A symbolic club

A black wooden club (rungut) carved by men, who used it as a hand stick. It was used for walking around, when addressing a meeting, and as a symbol of authority.

HeadbandNational Museums of Kenya

Social structure

The fundamental basis of Kipsigis social structure was the family, and also based on the age-set system known as 'ipinda', which young people joined after initiation (tumdo). The age-sets were Maina, Nyongi, Chumiot,  Saweiyiek, Korongoro, Kipkoimet  Kaplelach and Kipnyiige, which are cyclic from the oldest to the youngest.

HeaddressNational Museums of Kenya

Childhood to adulthood

This is a special ceremonial headdress (nariet) with cowries stitched onto cowhide. It is topped with a circle of bead-decorated leather fringed with goat hair. It was made by a specialist and would have been worn by girls when they emerged from seclusion, following circumcision.

Circumcision was an important rite of passage in the Kipsigis community, marking the transition from childhood to adulthood.

HeadbandNational Museums of Kenya

Exogamous marriages

This headband is made of four strings of beads with aluminium spacers, the beads on the aluminium pendant are suspended by six lengths of brass chains. The headband was made and worn by women and girls, particularly for marriage ceremonies.

Marriage was an important custom in Kipsigis society, and they practiced exogamous marriages (marriage outside the social group).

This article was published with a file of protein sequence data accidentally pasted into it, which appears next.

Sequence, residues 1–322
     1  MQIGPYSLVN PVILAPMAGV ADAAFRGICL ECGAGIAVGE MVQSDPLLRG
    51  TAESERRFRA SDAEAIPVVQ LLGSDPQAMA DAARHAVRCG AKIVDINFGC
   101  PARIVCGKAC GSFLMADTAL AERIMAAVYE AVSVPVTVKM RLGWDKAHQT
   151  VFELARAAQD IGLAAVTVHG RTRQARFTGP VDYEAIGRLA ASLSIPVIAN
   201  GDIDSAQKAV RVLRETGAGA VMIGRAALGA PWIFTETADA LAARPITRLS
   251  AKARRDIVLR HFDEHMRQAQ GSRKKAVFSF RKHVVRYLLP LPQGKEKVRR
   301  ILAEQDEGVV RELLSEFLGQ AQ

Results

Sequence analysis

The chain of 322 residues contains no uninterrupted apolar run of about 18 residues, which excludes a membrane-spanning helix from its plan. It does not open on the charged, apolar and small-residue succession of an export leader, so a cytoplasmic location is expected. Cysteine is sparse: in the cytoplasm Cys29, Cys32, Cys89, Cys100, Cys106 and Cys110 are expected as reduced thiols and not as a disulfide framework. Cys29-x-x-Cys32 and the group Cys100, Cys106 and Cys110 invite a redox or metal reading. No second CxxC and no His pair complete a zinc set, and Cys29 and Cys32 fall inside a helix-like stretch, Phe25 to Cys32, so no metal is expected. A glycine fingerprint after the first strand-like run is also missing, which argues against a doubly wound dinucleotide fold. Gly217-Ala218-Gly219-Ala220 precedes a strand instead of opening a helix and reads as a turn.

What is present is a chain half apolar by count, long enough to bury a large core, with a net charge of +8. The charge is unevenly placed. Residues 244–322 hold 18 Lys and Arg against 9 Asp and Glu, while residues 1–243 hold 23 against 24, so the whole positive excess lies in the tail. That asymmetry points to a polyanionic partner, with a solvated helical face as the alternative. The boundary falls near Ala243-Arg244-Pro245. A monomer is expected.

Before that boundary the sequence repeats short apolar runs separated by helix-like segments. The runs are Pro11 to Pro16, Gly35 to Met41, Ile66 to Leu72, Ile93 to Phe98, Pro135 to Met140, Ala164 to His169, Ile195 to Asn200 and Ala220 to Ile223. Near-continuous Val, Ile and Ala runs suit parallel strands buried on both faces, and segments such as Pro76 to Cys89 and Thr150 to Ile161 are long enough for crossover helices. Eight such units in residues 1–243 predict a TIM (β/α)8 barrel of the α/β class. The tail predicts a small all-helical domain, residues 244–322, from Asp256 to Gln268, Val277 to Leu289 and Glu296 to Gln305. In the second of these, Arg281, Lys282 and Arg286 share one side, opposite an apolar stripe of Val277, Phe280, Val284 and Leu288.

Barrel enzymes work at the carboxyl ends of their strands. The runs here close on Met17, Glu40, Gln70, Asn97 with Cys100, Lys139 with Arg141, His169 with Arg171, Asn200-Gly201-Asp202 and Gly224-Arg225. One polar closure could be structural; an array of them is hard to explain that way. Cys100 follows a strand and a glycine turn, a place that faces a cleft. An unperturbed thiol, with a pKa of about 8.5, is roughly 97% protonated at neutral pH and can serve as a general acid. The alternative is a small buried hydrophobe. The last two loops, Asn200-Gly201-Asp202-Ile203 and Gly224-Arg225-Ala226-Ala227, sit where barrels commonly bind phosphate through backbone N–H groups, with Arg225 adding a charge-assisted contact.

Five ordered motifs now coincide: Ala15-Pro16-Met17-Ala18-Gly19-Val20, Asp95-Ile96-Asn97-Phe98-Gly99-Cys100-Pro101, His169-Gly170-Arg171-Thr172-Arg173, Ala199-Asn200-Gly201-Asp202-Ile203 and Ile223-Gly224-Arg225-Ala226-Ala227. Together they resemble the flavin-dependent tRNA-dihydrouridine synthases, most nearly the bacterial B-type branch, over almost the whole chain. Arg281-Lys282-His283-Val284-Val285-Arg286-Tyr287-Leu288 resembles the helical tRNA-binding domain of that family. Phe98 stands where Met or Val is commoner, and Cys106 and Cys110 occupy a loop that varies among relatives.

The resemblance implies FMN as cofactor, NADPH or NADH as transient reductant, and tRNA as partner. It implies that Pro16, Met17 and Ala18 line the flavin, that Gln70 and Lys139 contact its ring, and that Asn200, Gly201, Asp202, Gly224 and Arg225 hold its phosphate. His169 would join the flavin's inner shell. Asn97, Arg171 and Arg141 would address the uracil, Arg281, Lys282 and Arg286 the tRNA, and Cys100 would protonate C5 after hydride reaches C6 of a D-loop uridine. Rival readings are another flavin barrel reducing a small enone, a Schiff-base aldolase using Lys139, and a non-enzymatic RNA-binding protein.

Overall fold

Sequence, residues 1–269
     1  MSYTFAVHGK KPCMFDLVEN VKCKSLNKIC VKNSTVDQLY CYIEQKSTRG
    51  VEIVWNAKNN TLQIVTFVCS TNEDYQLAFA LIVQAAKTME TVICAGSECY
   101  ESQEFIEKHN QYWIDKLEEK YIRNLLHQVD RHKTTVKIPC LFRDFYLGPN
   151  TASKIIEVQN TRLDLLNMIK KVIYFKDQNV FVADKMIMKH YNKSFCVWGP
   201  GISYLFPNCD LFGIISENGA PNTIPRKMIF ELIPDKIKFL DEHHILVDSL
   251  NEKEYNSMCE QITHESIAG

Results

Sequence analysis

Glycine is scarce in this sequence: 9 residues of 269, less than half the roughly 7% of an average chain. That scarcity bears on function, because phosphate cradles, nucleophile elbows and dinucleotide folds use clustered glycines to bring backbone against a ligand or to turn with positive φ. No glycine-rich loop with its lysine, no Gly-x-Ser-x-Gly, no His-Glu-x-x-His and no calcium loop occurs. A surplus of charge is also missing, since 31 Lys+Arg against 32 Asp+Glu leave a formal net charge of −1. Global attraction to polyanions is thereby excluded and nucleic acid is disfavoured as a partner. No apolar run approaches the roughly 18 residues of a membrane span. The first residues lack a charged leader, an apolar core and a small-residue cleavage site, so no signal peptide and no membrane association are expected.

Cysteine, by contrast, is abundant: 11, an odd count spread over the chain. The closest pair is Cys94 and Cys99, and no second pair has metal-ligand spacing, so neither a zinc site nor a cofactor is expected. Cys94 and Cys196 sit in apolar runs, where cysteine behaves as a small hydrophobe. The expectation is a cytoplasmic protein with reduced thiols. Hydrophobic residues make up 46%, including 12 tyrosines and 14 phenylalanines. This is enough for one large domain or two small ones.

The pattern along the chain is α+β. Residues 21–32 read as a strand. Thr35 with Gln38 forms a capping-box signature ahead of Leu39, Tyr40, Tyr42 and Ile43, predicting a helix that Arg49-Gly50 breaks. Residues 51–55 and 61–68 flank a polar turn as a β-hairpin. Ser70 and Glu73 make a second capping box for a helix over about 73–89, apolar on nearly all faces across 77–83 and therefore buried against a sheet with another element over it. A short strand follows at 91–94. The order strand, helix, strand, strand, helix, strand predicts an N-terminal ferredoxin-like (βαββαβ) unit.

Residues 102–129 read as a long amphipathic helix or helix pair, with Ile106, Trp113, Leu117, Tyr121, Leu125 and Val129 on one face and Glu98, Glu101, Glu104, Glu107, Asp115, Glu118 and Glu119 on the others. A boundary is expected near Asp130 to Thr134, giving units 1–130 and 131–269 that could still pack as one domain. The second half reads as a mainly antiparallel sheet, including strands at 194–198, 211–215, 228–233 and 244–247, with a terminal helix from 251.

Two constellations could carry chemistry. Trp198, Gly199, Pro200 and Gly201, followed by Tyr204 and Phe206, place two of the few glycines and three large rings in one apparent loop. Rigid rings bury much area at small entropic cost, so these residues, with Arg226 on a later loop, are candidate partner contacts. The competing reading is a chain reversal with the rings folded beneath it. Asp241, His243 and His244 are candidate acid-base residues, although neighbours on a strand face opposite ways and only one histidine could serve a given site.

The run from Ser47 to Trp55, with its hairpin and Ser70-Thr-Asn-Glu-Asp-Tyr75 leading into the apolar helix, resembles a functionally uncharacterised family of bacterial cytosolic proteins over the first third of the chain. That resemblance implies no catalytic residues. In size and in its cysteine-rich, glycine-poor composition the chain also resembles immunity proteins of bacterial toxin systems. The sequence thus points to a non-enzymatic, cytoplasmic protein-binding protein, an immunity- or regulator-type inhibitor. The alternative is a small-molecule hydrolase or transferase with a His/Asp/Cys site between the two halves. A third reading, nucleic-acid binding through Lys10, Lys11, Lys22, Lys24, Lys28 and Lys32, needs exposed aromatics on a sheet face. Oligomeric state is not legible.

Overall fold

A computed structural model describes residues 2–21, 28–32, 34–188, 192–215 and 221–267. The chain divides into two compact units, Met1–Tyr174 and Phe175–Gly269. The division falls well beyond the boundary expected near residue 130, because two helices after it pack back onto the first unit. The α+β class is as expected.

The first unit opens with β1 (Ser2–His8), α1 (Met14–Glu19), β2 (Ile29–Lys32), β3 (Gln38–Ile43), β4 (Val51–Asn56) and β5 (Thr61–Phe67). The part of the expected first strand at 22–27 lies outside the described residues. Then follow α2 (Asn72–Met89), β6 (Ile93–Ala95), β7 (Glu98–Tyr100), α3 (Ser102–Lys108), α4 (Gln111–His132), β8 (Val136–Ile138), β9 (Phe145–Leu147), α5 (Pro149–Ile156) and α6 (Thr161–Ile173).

Food Basket (1972)National Museums of Kenya

Roles of men and women

These three baskets (kerebet) were made by women and used for storage of flour and porridge, and to keep food ready for their husbands. Flour was poured into the baskets to conserve it from spoiling.

Kipsigis men traditionally built houses, repaired fences, cleared land for cultivation, hunted and took care of livestock, while the women prepared meals, collected water and firewood, tended the gardens, grew small millet and sorghum, and took care of children.

HeaddressNational Museums of Kenya

Religion, beliefs, and health

The Kipsigis believe in a supreme being, Asis (sun) who was also known as 'Ingolo' or 'Ngolo', and 'Cheptabel'.

Lake BogoriaNational Museums of Kenya

Belief in magic

The Kipsigis revered their ancestral spirits (oik) and magic. They believed the spirits of the deceased, may either become hyenas or go underground, from where they would re-emerge to torment the living.